If you don’t suceed the first time, try again

Published 8:00 pm Friday, August 30, 2019

About a decade ago, I heard the great motivational speaker Zig Ziglar tell a memorable story that contained a powerful lesson. 

It kind of reminded me of what my mama or grandma would have told me as they tried to get me to grow up right. They both subscribed to an old red-clay standard of there being one way to doing a thing: the right way. There wasn’t much space between right and wrong back in the old days.

Mr. Ziglar nailed that lesson square on the head in his speech at Dallas’ Reunion Arena in front of several thousand motivation enthusiasts, including a group of students whom I had taken to hear the iconic speaker. 

I’ll never forget how Mr. Ziglar owned the stage that day, bouncing around with the vigor of a teenager, telling story after story about his life experiences. 

This particular story was from when he was a boy after his family had just moved from Alabama to rural Mississippi. Some of what Mama and grandma offered regularly must’ve migrated even further west than I realized.

One day, when he was about 10, his mama told him to go outside and hoe the garden. He grabbed the hoe and did as he was told, without complaint. After about half an hour — maybe she had been watching him from the window — she came out to inspect his work. He described the sad scene with the classic Zig Ziglar chuckle:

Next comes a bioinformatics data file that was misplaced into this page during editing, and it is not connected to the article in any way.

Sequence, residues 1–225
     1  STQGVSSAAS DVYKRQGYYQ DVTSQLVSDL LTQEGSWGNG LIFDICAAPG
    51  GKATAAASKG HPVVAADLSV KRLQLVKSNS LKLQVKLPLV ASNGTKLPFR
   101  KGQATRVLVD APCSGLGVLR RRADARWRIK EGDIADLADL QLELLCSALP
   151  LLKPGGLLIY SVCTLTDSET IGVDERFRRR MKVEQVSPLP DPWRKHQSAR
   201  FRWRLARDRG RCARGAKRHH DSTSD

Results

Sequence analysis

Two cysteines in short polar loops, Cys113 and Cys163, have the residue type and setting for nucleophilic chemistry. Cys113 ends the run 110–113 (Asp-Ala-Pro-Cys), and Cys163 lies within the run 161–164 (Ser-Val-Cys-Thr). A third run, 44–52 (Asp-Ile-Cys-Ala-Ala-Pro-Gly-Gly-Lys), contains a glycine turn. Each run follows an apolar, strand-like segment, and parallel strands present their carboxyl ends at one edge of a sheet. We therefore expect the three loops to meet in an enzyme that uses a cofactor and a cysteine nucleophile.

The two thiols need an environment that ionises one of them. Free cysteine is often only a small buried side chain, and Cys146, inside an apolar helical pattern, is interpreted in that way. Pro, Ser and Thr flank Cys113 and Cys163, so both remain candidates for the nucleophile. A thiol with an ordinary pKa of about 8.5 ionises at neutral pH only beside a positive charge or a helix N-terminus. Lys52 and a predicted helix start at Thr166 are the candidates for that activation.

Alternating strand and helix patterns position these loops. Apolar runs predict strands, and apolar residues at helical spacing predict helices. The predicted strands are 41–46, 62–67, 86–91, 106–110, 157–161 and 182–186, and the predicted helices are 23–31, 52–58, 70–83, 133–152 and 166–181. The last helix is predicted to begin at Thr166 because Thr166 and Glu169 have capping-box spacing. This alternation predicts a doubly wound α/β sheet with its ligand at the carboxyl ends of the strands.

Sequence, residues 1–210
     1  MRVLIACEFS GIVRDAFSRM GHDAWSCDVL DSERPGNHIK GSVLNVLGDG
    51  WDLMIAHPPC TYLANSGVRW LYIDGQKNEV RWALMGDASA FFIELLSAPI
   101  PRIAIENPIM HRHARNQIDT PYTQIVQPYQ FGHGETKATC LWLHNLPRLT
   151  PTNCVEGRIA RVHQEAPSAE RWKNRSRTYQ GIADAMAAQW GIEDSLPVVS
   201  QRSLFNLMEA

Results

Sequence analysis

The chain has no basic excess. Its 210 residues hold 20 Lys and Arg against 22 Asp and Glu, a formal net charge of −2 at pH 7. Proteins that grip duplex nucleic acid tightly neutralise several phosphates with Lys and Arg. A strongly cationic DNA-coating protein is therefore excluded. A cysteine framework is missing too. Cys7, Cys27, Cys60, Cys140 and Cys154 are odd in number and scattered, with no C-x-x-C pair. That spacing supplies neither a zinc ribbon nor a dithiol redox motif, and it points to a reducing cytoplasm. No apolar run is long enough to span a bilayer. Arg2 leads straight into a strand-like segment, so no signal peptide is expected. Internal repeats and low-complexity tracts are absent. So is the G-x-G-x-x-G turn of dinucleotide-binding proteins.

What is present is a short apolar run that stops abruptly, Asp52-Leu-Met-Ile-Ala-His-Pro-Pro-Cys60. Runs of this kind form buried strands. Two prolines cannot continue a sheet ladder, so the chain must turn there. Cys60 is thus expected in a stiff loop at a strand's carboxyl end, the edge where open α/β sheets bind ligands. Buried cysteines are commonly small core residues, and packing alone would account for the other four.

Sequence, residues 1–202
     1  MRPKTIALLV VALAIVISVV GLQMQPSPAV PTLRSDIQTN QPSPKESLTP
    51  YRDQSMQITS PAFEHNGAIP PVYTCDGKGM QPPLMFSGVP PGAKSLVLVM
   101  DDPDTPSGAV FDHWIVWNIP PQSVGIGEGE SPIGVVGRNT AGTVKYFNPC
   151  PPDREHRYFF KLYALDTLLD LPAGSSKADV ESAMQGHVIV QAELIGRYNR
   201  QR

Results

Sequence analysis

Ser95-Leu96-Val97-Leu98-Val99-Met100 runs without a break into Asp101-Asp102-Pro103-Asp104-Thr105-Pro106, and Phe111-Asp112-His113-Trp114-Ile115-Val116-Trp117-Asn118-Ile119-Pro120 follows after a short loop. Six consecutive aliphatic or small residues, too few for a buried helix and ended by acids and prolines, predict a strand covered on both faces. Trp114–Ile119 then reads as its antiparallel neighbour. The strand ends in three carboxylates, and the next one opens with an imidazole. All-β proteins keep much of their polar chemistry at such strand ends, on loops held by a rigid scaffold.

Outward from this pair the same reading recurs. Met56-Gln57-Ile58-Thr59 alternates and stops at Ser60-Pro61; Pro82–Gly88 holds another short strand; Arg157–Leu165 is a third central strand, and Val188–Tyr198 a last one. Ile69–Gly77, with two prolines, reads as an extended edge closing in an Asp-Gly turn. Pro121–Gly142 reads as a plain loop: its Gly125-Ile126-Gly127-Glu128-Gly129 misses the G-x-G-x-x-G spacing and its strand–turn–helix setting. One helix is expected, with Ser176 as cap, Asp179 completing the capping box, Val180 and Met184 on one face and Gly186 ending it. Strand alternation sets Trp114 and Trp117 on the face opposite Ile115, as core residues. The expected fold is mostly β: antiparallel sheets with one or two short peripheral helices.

“I knew the inspection wasn’t going to go the way I wanted,” he laughed, “just by the way my mama was walking on the way out there. Whenever I did a shabby job of something, she’d always put her hands behind her back as she walked, and she’d shake her head the whole way.”

Sure enough, that day she threw her hands behind her and was shaking her head before she had taken ten steps toward the garden. Things did not look up for Zig once she got sight of his work, either. She took one look at the halfway-tilled garden, grimaced, and with a scowl, said,

“Son, you’ve got to lick this calf again.”

He knew what it meant, but he still protested.

“What do you mean, mama?”

“I mean you’ve got to do this job again. You can do better than that.”

“But, Mama,” Zig protested again, “most mamas don’t make their sons do any better job than this!”

“That may be,” snapped his mama, “but you’re not ‘most mamas’ son.”

With that, she turned and walked away from the garden just the way she had walked out to it.

For the record, the son of this particular Mississippi mama sweated a good while longer in the garden that day, licking that calf again.